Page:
I could see similarities between the two. When I see someone new, I'll go up to them and start talking to them and asking them questions. Everyone's really nice to each other, and surfers like to socialize too. Not everyone can pole vault and so we all share something special.
You played volleyball and beach volleyball for Casteel and you've said that you have an affinity for beach life and beach culture. When you crave it the most but can't actually go, what do you like to do to get a 'beach fix?' Is there something you like that takes you back to that?
The next best thing to do is go to the lake with all of my friends. I like to go cliff jumping and there's this dock that we like to sit on. That's really the closest we can get to a beach in Arizona.

You had previously expressed interest in attending Arizona State and Cal Poly-San Luis Obispo, but Lawrence, Kansas is especially different from Phoenix and San Luis Obispo. What was the deciding factor that compelled you to commit to the University of Kansas?
It was a hard decision. All of the coaches were great in their own ways, but it came down to the scholarship money. I'll be paying for school myself and I won't have a job, being busy with school and practice every day.
Tom Hays has a ton of experience as a student-athlete vaulting for Kansas, and coaching national champions and All-Americans both in Kansas and Arizona. What do you like about his coaching philosophy or style?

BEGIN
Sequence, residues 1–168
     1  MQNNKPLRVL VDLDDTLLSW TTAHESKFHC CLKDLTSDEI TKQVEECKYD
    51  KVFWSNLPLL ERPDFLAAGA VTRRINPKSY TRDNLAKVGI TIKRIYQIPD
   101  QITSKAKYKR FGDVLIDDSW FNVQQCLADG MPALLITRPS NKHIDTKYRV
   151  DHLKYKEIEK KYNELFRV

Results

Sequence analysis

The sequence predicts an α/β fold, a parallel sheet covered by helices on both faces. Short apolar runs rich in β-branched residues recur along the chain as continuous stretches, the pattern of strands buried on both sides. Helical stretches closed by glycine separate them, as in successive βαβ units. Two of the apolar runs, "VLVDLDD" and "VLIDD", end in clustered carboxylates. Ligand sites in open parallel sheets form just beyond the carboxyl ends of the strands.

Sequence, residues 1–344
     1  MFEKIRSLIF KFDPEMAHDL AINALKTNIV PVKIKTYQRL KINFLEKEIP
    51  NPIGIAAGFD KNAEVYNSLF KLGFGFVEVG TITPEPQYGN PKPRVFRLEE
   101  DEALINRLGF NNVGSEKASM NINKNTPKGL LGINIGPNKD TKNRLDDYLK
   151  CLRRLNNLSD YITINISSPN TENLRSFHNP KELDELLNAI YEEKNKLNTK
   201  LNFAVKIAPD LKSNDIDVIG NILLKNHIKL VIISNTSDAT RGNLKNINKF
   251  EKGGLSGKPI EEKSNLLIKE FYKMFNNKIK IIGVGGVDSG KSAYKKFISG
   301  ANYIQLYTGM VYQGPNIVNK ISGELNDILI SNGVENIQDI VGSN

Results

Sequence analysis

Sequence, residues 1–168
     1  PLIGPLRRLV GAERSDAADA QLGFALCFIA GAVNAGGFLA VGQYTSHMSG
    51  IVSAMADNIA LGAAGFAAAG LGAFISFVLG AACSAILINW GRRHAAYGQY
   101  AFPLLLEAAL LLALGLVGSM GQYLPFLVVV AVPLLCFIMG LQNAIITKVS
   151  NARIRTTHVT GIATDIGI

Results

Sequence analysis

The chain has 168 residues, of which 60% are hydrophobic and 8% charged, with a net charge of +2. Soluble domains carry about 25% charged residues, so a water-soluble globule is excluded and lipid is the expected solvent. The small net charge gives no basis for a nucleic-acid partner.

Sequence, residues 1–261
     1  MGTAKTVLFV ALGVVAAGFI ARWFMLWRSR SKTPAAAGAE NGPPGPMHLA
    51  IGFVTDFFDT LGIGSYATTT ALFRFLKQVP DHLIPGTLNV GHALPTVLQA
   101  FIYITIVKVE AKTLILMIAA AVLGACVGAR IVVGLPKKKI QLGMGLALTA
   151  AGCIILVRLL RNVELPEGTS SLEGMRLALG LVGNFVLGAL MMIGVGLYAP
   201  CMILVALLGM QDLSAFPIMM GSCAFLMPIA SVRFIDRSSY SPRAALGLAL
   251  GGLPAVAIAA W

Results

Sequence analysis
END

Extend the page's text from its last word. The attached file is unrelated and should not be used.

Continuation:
He's very passionate about the sport and very knowledgeable. He's been around for a while and has gotten results. That's very important. I'm excited to be coached by someone else, since that's never happened before.
Have you decided on a major and if not, what draws you academically at Kansas?
I'm thinking of doing physical therapy, kinesiology, or nutrition.
Will you vault indoors and if so, where will you open your season?
Yes. I will open my season at the Pole Vault Summit in Reno, NV. I look forward to it every year. That meet is so much fun. There are maybe a thousand pole vaulters staying together at a hotel and we compete in this horse-riding arena filled with pole vault pits.

Fun Stuff!

What's your favorite vacation spot?
I obviously love going to the beach. My grandma's house is about five minutes from Seal beach which is between Long Beach and Huntington so it's not as crowded. It's nice to relax without a whole lot of people around.
What's the best literary work you read in high school?
Recently I had to do a book report on 'The Power of Full Engagement', which is about showing you how to manage your energy instead of your time, and how it plays into with your eating and sleeping habits.
What is your favorite thing to eat after vaulting?
Usually I won't eat breakfast, if it's a morning meet. Sometimes afterwards I like getting a burger at In-N-Out, or getting a burrito at Costa Vida, or my mom make something at home. I definitely like eating a lot of food after I compete.
Would you rather have the ability to play any instrument or communicate in any language?
I would definitely like to be able communicate in any language.
What are you most excited to do when you get to Lawrence, Kansas?
I'm excited to go and explore. On my visit, I got to walk around the campus but I didn't see a lot off campus. Clinton Lake is right next to it and so I'll get to see that a lot.